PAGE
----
KANSAS NATIVE Shawn Schneider, a mechanical engineer for a major OEM, was frustrated with the red tape, bureaucracy and layers of middle management involved in trying to turn a good concept into an actual product in corporate America.
“There seemed to be a huge disconnect between engineering, sales and marketing that got in the way of creating (a) the product the farmer wanted, and (b) a product he could afford after we accounted for the massive overhead that was involved,” Schneider recounts. “It may take two years from the time an idea for a product is conceived to the time the product sees the light of day.”
So last spring, after years of feeling stuck in the cycle, Schneider, 38, decided to quit his job and start his own equipment company called SJS Corporation. The S stands for Shawn and the J for his wife Jessica, the two principals of the company.
The couple had already been operating a part-time business of remanufacturing old farm equipment for a few years, so they had the shop and some of the tooling required. Anything more they acquired from bankrupt automakers in Detroit and elsewhere. Tools included water-jet torches, milling machines and re-machine tools.
“If there's a bright spot to the economic downturn, it's that it allowed us to buy pre-owned manufacturing equipment that we couldn't have afforded otherwise,” Schneider says. “We have some tooling that came out of Michigan auto plants that cost us 20 to 30% of what it was worth a couple years ago, which has saved us millions of dollars.”
New in-line ripper
Their first product out of the gate is an in-line ripper with an integrated fertilizer applicator. The tillage tool, branded the Ag Iron Inline Ripper, is designed to be used in the fall to break up hardpan while at the same time applying liquid, dry or granular fertilizer.
“Farmers in our area went extensively to no-till over the past five to 10 years and are finding issue with disease and hardpan,” Schneider says. “So there has been a push to do more fall tillage but in a minimum-till, conservation way. What we are trying to do is push the application of anhydrous ammonia or liquid or dry fertilizer along with that in-line ripping operation in the fall to save farmers an extra field pass.”
He says the in-line ripper he designed has three features that set it apart from competitive offerings from major OEMs. The first is that the fertilizer application component is an integral part of the machine, whereas with others it is sold as an add-on. This allows for better value and performance, Schneider claims.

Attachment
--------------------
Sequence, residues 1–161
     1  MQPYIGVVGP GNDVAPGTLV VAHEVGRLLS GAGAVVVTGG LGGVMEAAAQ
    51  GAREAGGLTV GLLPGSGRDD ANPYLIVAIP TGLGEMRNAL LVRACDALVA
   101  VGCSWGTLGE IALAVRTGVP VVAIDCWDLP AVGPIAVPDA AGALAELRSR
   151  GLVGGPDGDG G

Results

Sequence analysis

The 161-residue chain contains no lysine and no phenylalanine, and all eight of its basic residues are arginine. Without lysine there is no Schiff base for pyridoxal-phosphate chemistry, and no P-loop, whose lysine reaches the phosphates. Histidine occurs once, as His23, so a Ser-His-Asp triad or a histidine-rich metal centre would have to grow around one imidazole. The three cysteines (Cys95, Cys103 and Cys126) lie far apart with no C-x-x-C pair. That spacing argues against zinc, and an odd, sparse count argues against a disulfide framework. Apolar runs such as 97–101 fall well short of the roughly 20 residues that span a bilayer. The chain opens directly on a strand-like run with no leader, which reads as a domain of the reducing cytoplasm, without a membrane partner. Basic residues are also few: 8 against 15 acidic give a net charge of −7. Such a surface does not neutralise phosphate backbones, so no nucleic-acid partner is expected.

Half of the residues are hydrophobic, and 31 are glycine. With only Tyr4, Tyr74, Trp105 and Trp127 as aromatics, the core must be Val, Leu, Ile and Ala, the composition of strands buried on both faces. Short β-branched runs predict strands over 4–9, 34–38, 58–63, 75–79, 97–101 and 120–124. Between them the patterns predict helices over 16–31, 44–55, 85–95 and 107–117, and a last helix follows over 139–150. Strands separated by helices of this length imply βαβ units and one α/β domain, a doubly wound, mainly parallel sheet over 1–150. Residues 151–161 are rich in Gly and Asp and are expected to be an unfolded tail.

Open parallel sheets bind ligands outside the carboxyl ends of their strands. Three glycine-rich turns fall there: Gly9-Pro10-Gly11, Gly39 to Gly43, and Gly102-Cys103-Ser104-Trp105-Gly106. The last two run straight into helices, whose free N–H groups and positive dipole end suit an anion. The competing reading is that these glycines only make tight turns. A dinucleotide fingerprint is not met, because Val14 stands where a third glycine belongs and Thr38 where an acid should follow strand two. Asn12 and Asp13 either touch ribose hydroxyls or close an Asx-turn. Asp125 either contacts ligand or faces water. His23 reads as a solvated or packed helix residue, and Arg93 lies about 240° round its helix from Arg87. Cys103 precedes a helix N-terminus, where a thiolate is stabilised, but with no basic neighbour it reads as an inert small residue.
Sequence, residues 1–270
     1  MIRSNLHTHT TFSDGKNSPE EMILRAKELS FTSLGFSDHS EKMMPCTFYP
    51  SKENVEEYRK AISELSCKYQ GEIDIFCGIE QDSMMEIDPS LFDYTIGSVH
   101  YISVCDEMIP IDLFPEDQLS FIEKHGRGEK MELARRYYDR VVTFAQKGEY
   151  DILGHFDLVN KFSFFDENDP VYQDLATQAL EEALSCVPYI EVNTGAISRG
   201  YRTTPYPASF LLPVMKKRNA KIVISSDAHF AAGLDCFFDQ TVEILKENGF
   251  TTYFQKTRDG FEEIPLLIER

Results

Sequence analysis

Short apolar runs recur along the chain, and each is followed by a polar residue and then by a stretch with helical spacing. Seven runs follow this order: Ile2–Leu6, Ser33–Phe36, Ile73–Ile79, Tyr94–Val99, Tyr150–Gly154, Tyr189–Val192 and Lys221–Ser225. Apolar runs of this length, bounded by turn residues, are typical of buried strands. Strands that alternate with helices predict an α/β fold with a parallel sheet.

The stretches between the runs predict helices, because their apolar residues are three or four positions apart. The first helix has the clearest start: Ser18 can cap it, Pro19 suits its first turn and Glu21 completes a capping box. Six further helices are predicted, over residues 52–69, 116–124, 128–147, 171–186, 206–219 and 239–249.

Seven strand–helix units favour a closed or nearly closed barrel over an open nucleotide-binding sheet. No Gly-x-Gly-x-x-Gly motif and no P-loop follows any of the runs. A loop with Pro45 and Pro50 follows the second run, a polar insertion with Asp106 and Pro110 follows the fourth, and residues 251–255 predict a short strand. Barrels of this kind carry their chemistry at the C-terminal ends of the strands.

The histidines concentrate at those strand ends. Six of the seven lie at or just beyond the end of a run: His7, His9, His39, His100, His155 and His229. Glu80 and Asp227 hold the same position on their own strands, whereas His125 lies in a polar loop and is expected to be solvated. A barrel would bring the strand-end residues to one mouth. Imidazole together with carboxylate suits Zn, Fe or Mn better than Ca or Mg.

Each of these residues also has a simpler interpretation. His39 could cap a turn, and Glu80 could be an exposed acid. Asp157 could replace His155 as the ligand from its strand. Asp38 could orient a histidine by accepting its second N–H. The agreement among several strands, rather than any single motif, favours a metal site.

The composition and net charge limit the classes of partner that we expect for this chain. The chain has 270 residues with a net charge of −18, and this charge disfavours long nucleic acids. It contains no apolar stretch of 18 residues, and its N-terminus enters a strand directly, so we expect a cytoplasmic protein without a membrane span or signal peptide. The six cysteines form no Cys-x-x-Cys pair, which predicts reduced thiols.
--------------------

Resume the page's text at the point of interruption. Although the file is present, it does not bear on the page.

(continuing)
Second, the applicator is adjustable to allow for varying depths of fertilizer application. “Most [kits] are not adjustable,” he says. “So if you rip fairly deep to eliminate the hardpan, you actually may be placing your nitrogen too deep in the ground.”
Third, the machine is built 20% heavier than competitive rippers to provide a longer wear life.
The couple also plans to continue their remanufacturing business. Schneider claims their company is the first and one of the few businesses in the U.S. to remanufacture farm equipment. Such businesses are rare, he says, because many of the replacement parts are too expensive to allow for much profit. He has bypassed that problem because he now owns the equipment to make parts.
Schneider remanufactures about every type of farm equipment, including tractors, planters, combines and skid steers, and sells them at a fraction of what they would cost new. He says remanufacturing provides farmers who can't afford to buy new equipment with affordable machinery that they don't have to fix. “It's not someone's worn-out old trade-in,” he says. “In these trying economic times, not everyone honestly can afford a quarter of a million dollars for a new tractor.”
He says most of the equipment comes from dealer trade-ins, insurance companies and repossessions. Each machine is subjected to a checklist of potential problems. Schneider and his five-person team first check the engine, drivetrain and hydraulics and do an overhaul if they are out of spec. Machines are then painted and buffed to a like-new condition. Interiors are redone, and rubber is replaced.
The price varies according to the type of machinery. Prices for remanufactured tractors range from $15,000 to $50,000.
Schneider field-tested a prototype of his tillage tool on his family farm last fall and is now taking orders for the machine. Prices range from $4,200 for a three-shank model to $19,000 for a fully optioned 11-shank model. The ripper can be 3-pt. mounted or drawn with a caddy.
Schneider also plans to build other equipment. His next product, he says, will be another minimum-tillage tool, most likely in the category of mulch-till. “We've also discussed making grain-handling equipment such as grain carts and gravity wagons,” he says.
He promises that the new tools he plans to manufacture also will be heavier built and lower priced.